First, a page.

Wednesday, December 09, 2009

Rupert Murdoch makes some good points and misses a few in his op-ed column in yesterday's WSJ.

Undercutting the view of many on the right that newspaper circulation losses are a result of the newspapers' liberal editorial bias, Murdoch correctly notes that much of the decline is due to readers no longer needing newspapers for information they can now get through sources such as Craigslist, Monster.com and so on.

And he also correctly notes the incongruity of newspapers bragging about the number of journalism awards they have received at the same time they have fewer readers than ever (even accounting for the loss of readers as described in the above paragraph, newspapers have fewer 'news' subscribers than they used to have).

And he correctly notes that while Internet advertising on newspaper web sites is growing, it isn't ever going to be large enough to support the high costs of running a full scale newsroom.

But while he is right that the future of journalism requires giving readers/viewers content that they're willing to pay for, he is deluding himself if he thinks there are more than a handful of news content providers that will be able to do that... and I wouldn't necessarily include Murdoch's News Corp. in that group.

There are two pricing models that work for any business: high prices/low volume or lower prices/higher volume (the dream is to get a high price from a large number of people but that happens only in dreams). The former works for products that are (1) in demand, and at a level that exceeds supply, (2) perceived to have high quality, and (3) not easily substituted by others. The latter model applies to everybody and everything else.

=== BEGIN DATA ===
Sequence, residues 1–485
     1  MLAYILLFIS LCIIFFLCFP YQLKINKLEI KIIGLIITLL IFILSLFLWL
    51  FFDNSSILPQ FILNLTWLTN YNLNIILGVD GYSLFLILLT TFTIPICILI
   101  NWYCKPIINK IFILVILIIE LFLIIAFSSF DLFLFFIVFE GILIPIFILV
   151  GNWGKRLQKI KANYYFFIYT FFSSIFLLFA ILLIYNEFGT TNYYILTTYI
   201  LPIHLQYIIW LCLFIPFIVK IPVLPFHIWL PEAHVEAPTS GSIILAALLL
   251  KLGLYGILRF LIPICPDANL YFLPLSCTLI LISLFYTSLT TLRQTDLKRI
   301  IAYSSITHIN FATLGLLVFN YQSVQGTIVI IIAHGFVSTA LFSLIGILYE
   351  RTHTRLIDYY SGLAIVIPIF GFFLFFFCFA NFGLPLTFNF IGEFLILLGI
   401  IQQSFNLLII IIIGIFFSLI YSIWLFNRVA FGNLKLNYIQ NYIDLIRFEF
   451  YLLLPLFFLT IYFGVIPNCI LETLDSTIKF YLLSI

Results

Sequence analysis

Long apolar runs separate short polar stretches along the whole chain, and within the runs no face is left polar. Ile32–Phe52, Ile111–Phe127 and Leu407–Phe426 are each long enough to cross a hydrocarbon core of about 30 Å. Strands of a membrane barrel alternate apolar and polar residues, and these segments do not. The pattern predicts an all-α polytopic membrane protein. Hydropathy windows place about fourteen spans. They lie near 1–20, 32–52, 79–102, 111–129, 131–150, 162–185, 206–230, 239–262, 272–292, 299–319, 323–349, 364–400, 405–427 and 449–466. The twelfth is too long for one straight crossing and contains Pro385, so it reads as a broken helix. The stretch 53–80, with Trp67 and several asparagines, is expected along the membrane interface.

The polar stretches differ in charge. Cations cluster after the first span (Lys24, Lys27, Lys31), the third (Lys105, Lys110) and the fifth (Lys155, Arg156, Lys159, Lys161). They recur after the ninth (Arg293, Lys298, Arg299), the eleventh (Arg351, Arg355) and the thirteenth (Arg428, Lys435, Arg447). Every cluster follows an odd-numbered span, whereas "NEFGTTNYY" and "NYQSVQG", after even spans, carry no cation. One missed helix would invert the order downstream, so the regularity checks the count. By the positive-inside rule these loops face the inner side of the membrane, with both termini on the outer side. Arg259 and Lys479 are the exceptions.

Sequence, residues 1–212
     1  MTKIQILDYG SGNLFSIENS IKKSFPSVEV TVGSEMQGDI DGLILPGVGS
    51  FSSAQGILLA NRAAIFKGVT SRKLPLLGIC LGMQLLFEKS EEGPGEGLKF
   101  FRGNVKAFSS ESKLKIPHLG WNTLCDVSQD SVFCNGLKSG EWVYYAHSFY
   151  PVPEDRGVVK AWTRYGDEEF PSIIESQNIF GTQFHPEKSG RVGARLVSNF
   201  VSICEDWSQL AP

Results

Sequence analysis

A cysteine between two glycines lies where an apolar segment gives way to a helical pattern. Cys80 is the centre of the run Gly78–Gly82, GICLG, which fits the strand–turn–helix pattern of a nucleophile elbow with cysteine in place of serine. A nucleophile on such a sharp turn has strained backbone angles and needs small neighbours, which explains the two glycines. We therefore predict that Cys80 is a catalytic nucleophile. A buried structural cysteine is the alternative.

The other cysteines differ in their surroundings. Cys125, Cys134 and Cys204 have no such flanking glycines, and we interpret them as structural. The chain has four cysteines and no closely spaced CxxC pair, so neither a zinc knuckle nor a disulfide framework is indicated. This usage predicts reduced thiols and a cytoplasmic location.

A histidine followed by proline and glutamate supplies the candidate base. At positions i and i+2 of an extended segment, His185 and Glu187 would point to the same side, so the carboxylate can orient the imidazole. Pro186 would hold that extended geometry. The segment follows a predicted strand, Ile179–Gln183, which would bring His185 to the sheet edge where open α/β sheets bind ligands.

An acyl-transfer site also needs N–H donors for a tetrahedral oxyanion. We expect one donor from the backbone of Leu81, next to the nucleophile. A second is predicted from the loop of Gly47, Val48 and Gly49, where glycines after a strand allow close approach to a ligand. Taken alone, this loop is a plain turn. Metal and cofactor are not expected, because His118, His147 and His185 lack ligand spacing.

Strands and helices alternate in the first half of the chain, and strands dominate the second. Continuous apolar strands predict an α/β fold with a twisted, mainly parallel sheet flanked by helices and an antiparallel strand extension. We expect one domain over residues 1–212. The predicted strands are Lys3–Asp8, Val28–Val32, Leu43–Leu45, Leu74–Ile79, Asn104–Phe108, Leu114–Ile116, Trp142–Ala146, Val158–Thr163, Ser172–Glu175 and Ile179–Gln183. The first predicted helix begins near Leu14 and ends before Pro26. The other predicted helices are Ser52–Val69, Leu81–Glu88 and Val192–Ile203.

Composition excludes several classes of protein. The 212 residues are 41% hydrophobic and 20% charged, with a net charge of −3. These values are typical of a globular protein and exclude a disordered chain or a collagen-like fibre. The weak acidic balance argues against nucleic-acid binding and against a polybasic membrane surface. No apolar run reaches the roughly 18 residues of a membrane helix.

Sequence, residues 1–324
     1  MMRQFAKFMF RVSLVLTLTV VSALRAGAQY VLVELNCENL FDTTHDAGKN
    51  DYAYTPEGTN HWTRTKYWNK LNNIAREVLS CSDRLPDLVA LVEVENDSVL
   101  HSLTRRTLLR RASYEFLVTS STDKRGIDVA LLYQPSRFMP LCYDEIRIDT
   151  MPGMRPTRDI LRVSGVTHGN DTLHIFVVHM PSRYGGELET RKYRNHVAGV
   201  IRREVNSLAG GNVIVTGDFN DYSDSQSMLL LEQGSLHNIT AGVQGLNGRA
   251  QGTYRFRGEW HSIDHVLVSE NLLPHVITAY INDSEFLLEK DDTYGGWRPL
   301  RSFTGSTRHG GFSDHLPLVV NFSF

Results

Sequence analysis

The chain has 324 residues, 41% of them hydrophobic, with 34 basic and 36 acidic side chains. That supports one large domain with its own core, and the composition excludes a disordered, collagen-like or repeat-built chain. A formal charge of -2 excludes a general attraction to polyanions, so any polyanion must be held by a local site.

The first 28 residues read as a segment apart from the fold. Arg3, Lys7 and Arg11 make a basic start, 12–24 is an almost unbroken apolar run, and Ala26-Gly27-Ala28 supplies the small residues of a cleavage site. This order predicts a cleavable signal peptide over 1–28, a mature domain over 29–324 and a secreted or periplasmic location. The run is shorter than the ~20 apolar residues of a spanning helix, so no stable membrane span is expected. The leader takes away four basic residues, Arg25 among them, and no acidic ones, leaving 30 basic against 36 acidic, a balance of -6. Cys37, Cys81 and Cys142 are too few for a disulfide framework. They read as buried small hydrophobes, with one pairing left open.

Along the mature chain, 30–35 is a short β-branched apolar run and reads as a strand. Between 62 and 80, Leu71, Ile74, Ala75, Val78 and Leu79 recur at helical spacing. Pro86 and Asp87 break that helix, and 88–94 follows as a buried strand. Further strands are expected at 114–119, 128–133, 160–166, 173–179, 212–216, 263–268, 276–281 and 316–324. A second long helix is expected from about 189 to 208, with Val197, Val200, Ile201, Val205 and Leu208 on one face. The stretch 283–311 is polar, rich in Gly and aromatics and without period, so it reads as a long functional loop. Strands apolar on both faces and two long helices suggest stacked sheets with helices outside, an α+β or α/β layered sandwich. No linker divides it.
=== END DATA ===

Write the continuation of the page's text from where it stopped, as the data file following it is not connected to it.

But even though charging a high price allows a business to survive with a smaller customer base, you still need enough people paying the high price to cover your costs... and it still costs a lot to operate a newspaper newsroom, even after the substantial cuts in staffing they have made over the past several years. And the problem for journalism is that there is no shortage of players in the industry offering very similar products. There are too many providers of virtually identical information to support a high subscription price... and that is counting only the legacy newspaper news operations (NYT, WaPo, LAT, etc), I'm not even including the news provided by the major networks and cable operations. Why pay hundreds of dollars a year for news when there's someone else pretty much giving it away?

Nor are the masses going to step up and even a nominal fee to receive news... because - except in certain situations - they just don't care about it. They'll just turn to free TV. Why pay even $10 a year for news when there's someone else pretty much giving it away?

And that, ladies and gentlemen, is the biggest threat to traditional newspaper news operations - free TV. TV is still able to subsidize its news operations with the profits from their entertainment and sports programming, unlike newspapers which long lost their ability to subsidize their news operations with profits from classified ads. And even though the networks don't make money on their news operations, their egos refuse to let them drop that aspect of their offerings.

And with TV being able to take advantage of the Internet and the wide range of devices with which to communicate to viewers, someone seeking news will have a very easy choice to make: pay some legacy newspaper news operation a fee to get news from them... or get their news from the TV news operation for free. And with viewers making very little qualitative distinctions between the news from the Washington Post and the news from ABC TV, on which side would you place your bets?